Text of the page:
Rosé needs more respect
I’ve just finished a tasting of over 80 mostly NZ Rosé samples plus a handful from France, Australia and Spain. At its best Rosé can be terrific, especially when served well chilled with smoked salmon and a crunchy salad on a balmy summer day. At worst Rosé is insipid, confected and sometimes slightly bitter wine. There’s a big gap between those two extremes.
What became clear to me as the tasting progressed is the fact that too many wine producers don’t take Rosé seriously. They might mention vineyard sites, clones and the use of whole clusters in their Pinot Noir but when it comes to Rose too many winemakers are reluctant to mention such fundamentally important factors as grape variety(ies) or whether the wine achieved its colour by skin contact, saignée or by blending a little red with a lot of white.
The best wines are made by producers who do take Rosé seriously. In the relatively rare instances where a vineyard is designated to produce Rosé, rather than the more common practice of running some pink juice off crushed red grapes slightly before or at the beginning of fermentation, the wines are inevitably superior because the production process involves more commitment.
In general terms, you can divide New Zealand Rosé into two styles: those made from 100% Pinot Noir (a slight majority with a definite South Island bias) and those made from other varieties including blends (these tend to be more common in the North Island).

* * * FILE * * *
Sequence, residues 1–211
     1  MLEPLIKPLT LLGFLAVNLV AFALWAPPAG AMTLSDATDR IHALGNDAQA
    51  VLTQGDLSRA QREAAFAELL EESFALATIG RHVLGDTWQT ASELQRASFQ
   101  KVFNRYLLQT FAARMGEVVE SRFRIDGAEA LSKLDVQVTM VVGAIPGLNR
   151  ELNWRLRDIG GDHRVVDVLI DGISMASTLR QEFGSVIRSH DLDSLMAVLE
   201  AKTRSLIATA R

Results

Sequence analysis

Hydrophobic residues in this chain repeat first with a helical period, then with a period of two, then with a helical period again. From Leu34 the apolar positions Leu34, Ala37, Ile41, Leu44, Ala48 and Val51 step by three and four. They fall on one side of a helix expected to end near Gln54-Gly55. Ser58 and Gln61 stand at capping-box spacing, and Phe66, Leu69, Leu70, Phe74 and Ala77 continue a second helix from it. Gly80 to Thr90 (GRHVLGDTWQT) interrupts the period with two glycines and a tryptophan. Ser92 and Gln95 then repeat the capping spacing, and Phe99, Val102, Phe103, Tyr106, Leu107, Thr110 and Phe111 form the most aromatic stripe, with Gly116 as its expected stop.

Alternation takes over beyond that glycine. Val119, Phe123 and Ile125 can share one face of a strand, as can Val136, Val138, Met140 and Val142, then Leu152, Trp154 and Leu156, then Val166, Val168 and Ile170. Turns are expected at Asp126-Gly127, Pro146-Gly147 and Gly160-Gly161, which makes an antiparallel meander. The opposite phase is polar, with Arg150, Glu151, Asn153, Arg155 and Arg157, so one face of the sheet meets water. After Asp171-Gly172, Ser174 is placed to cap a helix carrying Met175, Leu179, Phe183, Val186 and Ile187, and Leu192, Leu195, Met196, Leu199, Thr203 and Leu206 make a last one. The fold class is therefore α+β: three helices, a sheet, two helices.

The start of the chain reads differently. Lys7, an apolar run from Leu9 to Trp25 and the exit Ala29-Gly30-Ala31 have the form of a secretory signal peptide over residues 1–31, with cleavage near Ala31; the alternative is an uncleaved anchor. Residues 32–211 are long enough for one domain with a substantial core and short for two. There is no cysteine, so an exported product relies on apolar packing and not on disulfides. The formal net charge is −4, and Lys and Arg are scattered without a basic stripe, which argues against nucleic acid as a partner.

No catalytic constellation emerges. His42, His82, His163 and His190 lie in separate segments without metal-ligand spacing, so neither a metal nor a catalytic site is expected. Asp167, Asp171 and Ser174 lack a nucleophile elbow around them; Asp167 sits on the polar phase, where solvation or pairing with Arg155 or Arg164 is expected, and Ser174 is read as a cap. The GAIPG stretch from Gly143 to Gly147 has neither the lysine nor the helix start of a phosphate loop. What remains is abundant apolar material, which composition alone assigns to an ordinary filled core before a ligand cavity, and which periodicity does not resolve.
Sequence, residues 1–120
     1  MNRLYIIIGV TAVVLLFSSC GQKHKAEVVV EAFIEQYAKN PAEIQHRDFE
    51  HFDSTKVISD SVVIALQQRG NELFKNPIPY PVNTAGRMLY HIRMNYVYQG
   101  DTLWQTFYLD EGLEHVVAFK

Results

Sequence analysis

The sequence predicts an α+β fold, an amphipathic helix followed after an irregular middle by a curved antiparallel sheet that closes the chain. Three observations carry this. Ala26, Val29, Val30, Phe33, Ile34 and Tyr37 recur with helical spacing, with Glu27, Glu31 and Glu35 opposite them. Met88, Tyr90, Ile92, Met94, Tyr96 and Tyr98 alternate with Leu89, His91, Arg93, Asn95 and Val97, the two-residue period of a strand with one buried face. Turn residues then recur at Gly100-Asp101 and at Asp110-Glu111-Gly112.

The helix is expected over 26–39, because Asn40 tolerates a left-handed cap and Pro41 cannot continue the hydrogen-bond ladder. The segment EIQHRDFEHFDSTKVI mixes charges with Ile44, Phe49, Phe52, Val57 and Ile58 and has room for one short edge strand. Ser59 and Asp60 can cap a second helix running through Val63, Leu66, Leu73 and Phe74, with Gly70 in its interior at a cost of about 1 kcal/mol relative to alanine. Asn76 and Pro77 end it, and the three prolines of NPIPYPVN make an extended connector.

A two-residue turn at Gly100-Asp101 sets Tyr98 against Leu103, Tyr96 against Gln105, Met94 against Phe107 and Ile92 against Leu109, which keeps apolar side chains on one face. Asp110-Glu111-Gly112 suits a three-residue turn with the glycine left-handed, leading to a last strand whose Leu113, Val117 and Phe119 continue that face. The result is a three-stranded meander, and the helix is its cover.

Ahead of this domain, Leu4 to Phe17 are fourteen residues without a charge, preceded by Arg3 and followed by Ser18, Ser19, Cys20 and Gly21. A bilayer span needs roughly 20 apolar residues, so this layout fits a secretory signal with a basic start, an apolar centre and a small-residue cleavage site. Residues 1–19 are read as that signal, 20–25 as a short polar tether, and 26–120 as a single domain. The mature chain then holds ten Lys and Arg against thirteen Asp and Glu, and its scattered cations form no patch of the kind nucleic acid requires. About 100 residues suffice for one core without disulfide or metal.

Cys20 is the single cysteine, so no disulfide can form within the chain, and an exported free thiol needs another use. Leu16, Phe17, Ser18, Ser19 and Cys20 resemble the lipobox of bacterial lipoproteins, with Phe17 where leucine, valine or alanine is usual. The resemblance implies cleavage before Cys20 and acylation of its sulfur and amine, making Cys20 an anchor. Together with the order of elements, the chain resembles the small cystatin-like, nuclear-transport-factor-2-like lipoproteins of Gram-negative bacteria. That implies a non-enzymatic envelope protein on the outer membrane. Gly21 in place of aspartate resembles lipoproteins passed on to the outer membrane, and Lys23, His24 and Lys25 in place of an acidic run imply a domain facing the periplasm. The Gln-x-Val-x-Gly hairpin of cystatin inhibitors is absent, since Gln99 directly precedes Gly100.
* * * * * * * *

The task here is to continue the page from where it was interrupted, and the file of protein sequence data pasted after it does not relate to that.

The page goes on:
Pinot Noir Rosé tends to be delicate, with purity, but they can lack richness, complexity and texture. Wines made from Merlot (a popular option in the North Island) with or without the help of other varieties such as Malbec, Cabernet Franc and Cabernet Sauvignon are usually richer, more textural and are perhaps closer to the Southern French wines, often regarded as the benchmark for Rosé.
I don’t have a clear preference although on this occasion my top two wines were based on Pinot Noir. They were Two Rivers 2015 L’ille de Beaute Rosé (tasting), a dryish, flavoursome wine made from Marlborough grapes grown specifically for Rosé production; and the pure, ethereal Terra Sancta 2015 Rosé (tasting) from Central Otago.
My two favourite non-Pinot Noir wines were Clearview 2015 Black Reef Blush (tasting), Hawke’s Bay, a scented and succulent wine made mainly from Chambourcin grapes; and The Hay Paddock 2015 Gypsy Rose (tasting) from unspecified grapes (I would guess Syrah) grown on Waiheke.